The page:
raw.means.plot is a function for visualizing results of experimental designs with up to two factors (i.e., conditions) for the R programming lanuage.
The main feature is that it plots both the raw data in the background and superimposed the means to provide a better and more accurate visualization of the underlying distribution. To distinguish between factor levels which would be at the same x-axis position in classical plots, each factor level is offseted from the other factor levels. Furthermore, if two data points (from the raw data) would occupy the exact same position some uniform noise is added to display both at almost the same position. Furthermore, a legend can be added automatically outside the plot region.
There is almost unanimously agreement that providing means (or other point estimates) without some information of the spread of the data is always a bad idea (e.g., APA, 2010, p.34). However, which measure of spread to use is less clear. One can provide standard deviations (SD), standard erros (SE), or confidence intervals (CI) with the latter two (SE & CI) even providing the possibility for visual inference tests. However, each of these measures has drawebacks. At first, all of these measures perform best and accurate if and only if the underlying distribution is normal. Second, performing visual inference tests is not overly simple (e.g., Cumming, & Finch, 2005). Third, providing appropriate SEs or CIs in a mixed within-between-subjects design is impossible (Loftus & Masson, 1994; Masson & Loftus, 2003). To overcome this issues (for the cost of not being able to perform visual inference tests) one can use raw.means.plots. They not only provide a visual representation of the spread unbiased of the underlying distribution, they even display the underlying distribution and provide the possibility to check for outliers.
I have also giving a presentation in German on raw.means.plot at the University of Hamburg (thanks to Ingmar Böschen for the invitation), available here.
The functionality of rm.plot was stimulated by a discussion on stats.stackexchange and a similar discussion on stackoverflow. Furthermore, the final function contains code stimulated by two discussions on stackoverflow: one, two.
How to install and use
raw.means.plot is now part of the plotrix package (Thanks to Jim lemon). Simply install plotrix from CRAN and then you have it:
To load the package type
plotrix currently contains the following three functions from me (data needs to be in long format for all functions):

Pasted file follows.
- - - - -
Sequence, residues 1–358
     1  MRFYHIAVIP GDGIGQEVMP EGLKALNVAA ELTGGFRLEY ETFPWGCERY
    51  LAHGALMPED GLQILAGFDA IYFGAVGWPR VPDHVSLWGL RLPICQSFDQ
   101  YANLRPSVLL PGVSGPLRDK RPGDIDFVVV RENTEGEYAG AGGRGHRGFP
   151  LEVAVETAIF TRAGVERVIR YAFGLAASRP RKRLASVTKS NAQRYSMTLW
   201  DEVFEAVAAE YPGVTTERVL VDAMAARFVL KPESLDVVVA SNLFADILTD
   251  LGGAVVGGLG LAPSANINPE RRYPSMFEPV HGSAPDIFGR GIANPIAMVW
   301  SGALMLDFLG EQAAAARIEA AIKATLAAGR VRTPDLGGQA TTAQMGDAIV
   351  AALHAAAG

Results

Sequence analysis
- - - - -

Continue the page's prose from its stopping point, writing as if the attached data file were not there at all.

raw.means.plotwas the initial version of this functions that takes a
data.frame(subject identifier not necessary) and plots every row that is present in the data frame as a point in the rm.plot. This function can only handle datasets with up to two factors.
raw.means.plot2is a convenience wrapper for
raw.means.plotthat allows for data.frames with an arbitrary number of factors if the data.frame contains a subject identifier. You only need to specify the subject identifier column in addition to the usual offset and x-axis column and
raw.means.plot2will aggregate the data if there is more than one observation per individual and cell of the crossed factors.
add.psneeds to be called with the same data.frame and arguments as
raw.means.plot2and will add p-values of t.tests comparing the different factor levels at each x-axis tick against a reference factor level. Good for exploratory data analysis and data screening.
If there are any issues (bugs, missing features, odd behavior, ...) please report them to me at firstname.lastname@example.org
This graph shows a result from Experiment 1 from Singmann & Klauer (2011) produced with raw.means.plot. One clearly sees the differences in the means that are accompanied by severe differences in spred and distribution.
APA. (2010). Publication Manual of the American Psychological Association. New York: American Psychological Association.
Cumming, G., Finch, S. (2005). Inference by eye: confidence intervals and how to read pictures of data. American Psychologist, 60, 170-180.
Loftus, G. R. & Masson, M. E. J. (1994). Using confidence intervals in within-subject designs. Psychonomic Bulletin & Review, 1, 476-490.
Masson, M. E. J., & Loftus, G. R. (2003). Using confidence intervals for graphically based data interpretation. Canadian Journal of Experimental Psychology, 57, 203-220.
Singmann, H., & Klauer, K. C. (2011). Deductive and Inductive Conditional Inferences: Two Modes of Reasoning. Thinking & Reasoning, 17, 247-281.